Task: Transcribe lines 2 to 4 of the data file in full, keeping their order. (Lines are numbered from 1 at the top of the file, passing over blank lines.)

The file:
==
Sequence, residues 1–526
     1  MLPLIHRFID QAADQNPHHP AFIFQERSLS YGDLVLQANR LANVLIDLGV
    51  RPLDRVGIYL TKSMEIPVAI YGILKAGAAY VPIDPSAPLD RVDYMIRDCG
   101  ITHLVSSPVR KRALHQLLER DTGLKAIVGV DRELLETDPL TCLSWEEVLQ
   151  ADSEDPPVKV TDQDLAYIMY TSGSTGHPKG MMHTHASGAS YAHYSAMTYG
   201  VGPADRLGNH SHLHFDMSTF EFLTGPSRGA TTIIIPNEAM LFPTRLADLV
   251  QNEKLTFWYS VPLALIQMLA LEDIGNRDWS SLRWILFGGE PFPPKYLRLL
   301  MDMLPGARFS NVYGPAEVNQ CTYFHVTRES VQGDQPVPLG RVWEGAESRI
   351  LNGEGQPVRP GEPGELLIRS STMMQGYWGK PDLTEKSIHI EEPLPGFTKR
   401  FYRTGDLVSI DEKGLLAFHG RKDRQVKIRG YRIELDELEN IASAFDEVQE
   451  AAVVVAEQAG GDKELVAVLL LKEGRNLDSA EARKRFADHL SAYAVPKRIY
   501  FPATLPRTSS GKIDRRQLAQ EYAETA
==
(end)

     1  MLPLIHRFID QAADQNPHHP AFIFQERSLS YGDLVLQANR LANVLIDLGV
    51  RPLDRVGIYL TKSMEIPVAI YGILKAGAAY VPIDPSAPLD RVDYMIRDCG
   101  ITHLVSSPVR KRALHQLLER DTGLKAIVGV DRELLETDPL TCLSWEEVLQ